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By Norris McDonald

President George W. Bush issued the first mercury rules, but they were shot down in court.  Now the Obama administration has issued mercury regulations (including other contanimants) that will probably close the oldest, dirtiest coal-fired power plants.  Some utilities claim this will lead to job losses, but EPA Administrator Lisa P. Jackson counters that scrubber installations will create more jobs than will be lost via plant closure.  I guess we will just have to wait and see.  One thing is sure, scrubbers are now as large and complicated as the power plants they serve.  They can cost just about as much as the power plants too.  So signficant jobs should be created by their installation. 

According to EPA:
It will cost about $9.6 billion annually to implement but will provide substantially more in health benefits each year. The EPA estimates the new regulation’s safeguards — which are slated to fully take effect in three years will prevent as many as 11,000 premature deaths a year by 2016 .

The EPA said some 60% of the 1,400 affected coal- and oil-fired generating units already complied with the rule. Many power companies, including Exelon Corp. and Calpine Corp., support the rules because they rely less on coal-burning generation.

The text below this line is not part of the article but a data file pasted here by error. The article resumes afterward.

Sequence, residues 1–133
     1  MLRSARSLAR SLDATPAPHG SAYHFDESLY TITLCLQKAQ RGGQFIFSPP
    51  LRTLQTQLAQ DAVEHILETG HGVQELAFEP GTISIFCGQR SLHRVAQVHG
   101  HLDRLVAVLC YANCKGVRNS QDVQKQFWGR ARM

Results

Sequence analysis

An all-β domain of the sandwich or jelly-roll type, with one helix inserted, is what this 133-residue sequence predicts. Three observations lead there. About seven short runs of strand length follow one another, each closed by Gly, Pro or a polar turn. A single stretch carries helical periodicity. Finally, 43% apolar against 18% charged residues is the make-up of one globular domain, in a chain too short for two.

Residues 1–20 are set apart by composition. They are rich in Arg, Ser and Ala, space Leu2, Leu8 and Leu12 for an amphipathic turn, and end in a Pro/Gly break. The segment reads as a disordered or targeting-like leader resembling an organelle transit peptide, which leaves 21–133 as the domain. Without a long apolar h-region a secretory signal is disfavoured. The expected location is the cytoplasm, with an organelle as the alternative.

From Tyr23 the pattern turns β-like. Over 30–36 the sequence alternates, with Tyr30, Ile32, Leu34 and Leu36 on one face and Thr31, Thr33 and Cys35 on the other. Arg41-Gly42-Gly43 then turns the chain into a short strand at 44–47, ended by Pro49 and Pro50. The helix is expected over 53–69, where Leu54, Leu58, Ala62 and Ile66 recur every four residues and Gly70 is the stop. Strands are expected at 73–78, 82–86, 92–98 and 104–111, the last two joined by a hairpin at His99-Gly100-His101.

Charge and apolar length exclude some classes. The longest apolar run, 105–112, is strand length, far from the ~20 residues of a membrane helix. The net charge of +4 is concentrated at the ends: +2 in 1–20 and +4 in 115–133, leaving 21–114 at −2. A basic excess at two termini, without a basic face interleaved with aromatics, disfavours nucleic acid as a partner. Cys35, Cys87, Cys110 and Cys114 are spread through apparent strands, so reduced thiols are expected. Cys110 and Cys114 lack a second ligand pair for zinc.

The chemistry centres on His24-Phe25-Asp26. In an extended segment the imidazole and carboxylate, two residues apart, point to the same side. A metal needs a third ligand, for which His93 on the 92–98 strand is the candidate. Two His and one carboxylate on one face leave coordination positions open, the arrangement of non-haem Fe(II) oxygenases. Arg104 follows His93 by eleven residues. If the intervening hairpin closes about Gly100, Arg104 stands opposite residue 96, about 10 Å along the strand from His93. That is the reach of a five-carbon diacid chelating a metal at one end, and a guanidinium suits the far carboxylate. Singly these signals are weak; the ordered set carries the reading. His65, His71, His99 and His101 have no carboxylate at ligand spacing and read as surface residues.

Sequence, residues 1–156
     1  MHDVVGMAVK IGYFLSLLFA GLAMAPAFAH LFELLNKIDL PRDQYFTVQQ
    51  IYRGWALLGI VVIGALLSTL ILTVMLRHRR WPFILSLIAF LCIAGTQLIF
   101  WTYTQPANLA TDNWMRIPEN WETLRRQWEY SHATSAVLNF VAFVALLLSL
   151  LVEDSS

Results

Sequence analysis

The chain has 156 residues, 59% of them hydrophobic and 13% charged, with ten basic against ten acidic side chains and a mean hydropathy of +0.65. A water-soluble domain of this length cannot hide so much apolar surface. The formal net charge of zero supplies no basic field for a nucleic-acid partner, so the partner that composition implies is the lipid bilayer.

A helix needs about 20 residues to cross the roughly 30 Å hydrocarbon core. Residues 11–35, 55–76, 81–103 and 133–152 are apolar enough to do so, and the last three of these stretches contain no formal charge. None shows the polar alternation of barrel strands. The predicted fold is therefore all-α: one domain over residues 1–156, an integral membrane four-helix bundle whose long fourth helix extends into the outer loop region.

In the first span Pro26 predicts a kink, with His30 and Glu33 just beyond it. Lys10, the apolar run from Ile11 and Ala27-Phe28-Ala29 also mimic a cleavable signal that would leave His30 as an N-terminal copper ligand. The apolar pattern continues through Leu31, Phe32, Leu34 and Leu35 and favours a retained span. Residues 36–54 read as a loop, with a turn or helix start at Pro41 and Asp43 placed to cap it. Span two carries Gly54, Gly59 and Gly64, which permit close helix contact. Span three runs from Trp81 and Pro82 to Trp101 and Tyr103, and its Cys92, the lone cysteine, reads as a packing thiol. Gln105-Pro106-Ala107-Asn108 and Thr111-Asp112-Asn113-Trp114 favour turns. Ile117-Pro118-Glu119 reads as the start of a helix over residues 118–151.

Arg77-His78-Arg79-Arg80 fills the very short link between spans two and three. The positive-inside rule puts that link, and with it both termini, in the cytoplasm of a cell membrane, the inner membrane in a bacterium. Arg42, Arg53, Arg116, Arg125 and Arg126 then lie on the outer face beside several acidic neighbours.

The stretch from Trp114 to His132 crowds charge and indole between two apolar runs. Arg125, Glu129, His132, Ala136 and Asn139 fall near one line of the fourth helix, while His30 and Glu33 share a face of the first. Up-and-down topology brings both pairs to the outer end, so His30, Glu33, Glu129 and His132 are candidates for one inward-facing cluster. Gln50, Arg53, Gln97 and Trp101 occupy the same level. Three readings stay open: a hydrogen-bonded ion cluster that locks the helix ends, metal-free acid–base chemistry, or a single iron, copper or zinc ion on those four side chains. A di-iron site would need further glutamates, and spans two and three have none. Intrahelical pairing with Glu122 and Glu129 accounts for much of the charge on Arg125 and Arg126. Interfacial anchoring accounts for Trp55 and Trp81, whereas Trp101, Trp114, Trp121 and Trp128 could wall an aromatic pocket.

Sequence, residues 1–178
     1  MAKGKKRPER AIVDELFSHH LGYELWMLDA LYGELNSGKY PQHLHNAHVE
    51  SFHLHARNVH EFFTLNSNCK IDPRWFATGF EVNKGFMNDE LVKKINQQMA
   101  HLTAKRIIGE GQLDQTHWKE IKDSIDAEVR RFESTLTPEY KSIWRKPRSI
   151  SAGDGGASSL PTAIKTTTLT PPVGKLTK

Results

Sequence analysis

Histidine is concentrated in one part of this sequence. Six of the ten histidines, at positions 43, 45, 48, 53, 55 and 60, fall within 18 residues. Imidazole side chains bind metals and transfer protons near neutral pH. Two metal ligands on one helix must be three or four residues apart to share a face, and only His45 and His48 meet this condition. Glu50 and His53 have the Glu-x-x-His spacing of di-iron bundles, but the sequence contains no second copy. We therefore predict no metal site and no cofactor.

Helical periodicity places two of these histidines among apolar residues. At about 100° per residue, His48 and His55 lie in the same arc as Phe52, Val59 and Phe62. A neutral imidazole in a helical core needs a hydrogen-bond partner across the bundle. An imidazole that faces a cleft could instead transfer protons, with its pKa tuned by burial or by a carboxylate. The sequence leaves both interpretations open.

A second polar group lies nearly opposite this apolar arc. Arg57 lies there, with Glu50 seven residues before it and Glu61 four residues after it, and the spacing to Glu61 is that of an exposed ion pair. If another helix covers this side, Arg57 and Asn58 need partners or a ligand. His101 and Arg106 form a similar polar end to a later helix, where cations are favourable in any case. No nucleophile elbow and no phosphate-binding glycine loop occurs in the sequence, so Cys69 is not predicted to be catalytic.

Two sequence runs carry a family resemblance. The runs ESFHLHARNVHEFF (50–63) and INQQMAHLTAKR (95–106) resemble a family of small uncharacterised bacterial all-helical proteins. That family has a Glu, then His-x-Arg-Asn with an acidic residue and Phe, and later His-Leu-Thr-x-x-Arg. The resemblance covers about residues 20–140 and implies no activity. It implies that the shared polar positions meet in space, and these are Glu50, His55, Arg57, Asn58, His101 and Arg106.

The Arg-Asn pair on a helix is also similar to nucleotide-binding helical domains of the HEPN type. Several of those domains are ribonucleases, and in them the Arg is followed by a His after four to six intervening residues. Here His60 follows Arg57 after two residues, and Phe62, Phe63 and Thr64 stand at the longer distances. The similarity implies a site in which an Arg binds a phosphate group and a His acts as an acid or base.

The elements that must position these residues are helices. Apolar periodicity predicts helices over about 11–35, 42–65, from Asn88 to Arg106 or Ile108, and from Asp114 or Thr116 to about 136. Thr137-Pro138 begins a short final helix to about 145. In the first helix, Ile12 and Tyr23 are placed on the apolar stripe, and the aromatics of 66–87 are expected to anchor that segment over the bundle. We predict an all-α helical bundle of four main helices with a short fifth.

Jackson estimated that only 4.7 gigawatts of the nation’s 1,000 gigawattsof electricity capacity,or less than one-half of 1 percent of the nation’s plants, would have to shut down as a result of the new standards.
Of course, critics complain that some of the health stats have been aggregated with other air laws and claim the numbers are inflated.  Yet one thing is clear, mercury is a neurotoxin that can harm the nervous system.

As usual, the litigation has begun, but this rule should withstand lawsuits.  The entire air regulation area frustrates me because it includes, in my opinion, a merry-go-round of legislation, regulation, litigation and it all starts over again.  However, our standards for visible air pollution are stricter than EPA's standards: if you can see the air, it is not healthy to breathe.  So therer would be many more nonattainment days for criteria pollutants than are designated under the EPA system.

We applaud EPA's rule and believe the utility sector will comply to the maximum extent possible.